#36: Excavating Internalized Biases

Dear Story Nurse,

I am a trans, gay boy and often write about trans and gay topics, but I often find that a lot of internalized transphobia and homophobia makes its way into my writing. I write poems and essays, and when writing them I always find these present, yet don’t know how to restructure my writing in a way that eliminates them.

Additionally, I am trying to come out to someone in a letter. While I realize that this website is not specifically about trans issues, I was wondering if you could help me figure out how to work up the courage to write a piece like this and how to make sure I do actually get to writing it.

Thank you!

—R.W. (he/him)

Dear R.W.,

It’s awesome that you’re tackling these things. I’ve had the same struggles with internalized transphobia in my own writing; being trans doesn’t protect us from breathing in transphobia along with the cultural air. Fortunately, there are some tactics we can use to filter out biases before they pollute our writing.

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#35: Making Side Characters Feel Real

Dear Story Nurse,

Once again I’m looking back at a first draft and making notes of what needs fixing. It’s my usual list: Slow down, set the scene, connect things better, and fill out the ancillary characters. It’s the last one that I continue to find the hardest, particularly in my longer fiction. (In this case a near-future science fiction novel.)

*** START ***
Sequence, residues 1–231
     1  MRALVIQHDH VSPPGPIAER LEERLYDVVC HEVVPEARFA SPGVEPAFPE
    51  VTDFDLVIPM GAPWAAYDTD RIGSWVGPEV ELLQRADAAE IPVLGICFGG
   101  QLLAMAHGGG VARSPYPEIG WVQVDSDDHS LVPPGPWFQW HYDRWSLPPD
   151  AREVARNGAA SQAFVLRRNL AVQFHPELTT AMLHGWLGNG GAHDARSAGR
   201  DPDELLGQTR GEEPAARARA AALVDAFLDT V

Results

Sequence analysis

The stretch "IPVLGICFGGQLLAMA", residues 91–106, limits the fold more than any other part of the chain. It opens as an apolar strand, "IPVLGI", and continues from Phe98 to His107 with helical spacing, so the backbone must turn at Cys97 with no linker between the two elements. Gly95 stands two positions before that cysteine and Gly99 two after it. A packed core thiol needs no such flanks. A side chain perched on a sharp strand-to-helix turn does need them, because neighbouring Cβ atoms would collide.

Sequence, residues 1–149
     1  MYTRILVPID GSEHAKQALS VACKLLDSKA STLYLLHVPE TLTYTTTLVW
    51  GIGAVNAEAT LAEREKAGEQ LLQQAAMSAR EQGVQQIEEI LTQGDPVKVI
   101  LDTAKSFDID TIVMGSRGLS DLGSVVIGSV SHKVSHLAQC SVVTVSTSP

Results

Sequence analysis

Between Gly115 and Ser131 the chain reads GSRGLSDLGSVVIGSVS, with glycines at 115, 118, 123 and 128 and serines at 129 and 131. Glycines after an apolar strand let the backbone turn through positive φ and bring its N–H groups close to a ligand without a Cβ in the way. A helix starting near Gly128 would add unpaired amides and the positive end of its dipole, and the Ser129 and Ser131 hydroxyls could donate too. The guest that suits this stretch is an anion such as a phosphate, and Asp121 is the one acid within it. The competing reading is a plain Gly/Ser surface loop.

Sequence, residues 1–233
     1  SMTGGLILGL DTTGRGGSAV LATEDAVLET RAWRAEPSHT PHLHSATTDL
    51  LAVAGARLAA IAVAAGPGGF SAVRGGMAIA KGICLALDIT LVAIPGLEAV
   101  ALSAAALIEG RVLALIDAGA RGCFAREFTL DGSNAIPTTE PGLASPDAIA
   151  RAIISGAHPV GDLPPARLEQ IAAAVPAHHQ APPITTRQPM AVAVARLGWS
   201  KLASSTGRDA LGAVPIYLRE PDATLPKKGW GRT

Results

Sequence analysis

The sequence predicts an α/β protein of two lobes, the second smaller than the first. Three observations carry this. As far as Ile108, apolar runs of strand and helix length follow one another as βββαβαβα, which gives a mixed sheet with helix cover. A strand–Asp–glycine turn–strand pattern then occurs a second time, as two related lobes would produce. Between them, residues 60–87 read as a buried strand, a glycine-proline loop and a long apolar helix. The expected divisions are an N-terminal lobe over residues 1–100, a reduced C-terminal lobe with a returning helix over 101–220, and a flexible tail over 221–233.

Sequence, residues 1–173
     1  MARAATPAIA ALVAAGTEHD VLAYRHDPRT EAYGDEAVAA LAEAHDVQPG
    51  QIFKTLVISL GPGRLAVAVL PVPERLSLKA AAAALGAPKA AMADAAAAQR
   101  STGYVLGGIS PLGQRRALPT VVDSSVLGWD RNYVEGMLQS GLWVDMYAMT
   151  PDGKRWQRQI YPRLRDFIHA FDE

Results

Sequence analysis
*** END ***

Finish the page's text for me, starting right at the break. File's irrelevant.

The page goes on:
My main characters are generally good, each having their own full and distinct personality and voice. But my supporting characters, the ones who reoccur occasionally to help move the story along, are all the same generic piece of furniture, saying or doing only what is necessary to further the story. They usually embody some specific purpose. (The Informer, the Boss, the Scientist, etc.) I feel like it’s important to make these characters distinct for the benefit of the reader. If the character has been off page for several (or many) chapters, I’d like the reader to recall their value without too much prompting. These characters also tend to be the third (or fourth or fifth) person in the room, and giving them a distinct presence can help calm the mayhem of group scenes.

Since they aren’t main characters, I don’t want to spend too much page time developing them, so I feel the pull to draw from familiar clichés. (The sniveling Informer, the clueless Boss, the Scientist with bad social skills, etc.) But applying broad clichés doesn’t really do any favors to me, my readers, or the characters themselves.

On the other hand, when I sit down and give them all the consideration of a main character, they get away from me, doing all kinds of things. I love that behavior in my mains, but it’s downright rude of my supporting characters since it’s not particularly… uh… supportive.

How can I balance all of these competing forces to best serve the story and the reader?

—Ancillary Justice (they/them)

Dear Ancillary Justice,

There’s a broad range between “plot furniture” and “side character gets uppity, wants to be the protagonist.” I think you can aim for somewhere in the middle of that range and have it work out well, as long as you have the writerly discipline to keep your characters in line. Or you can develop side characters as embodiments of the setting, which will probably serve your books better in the long run.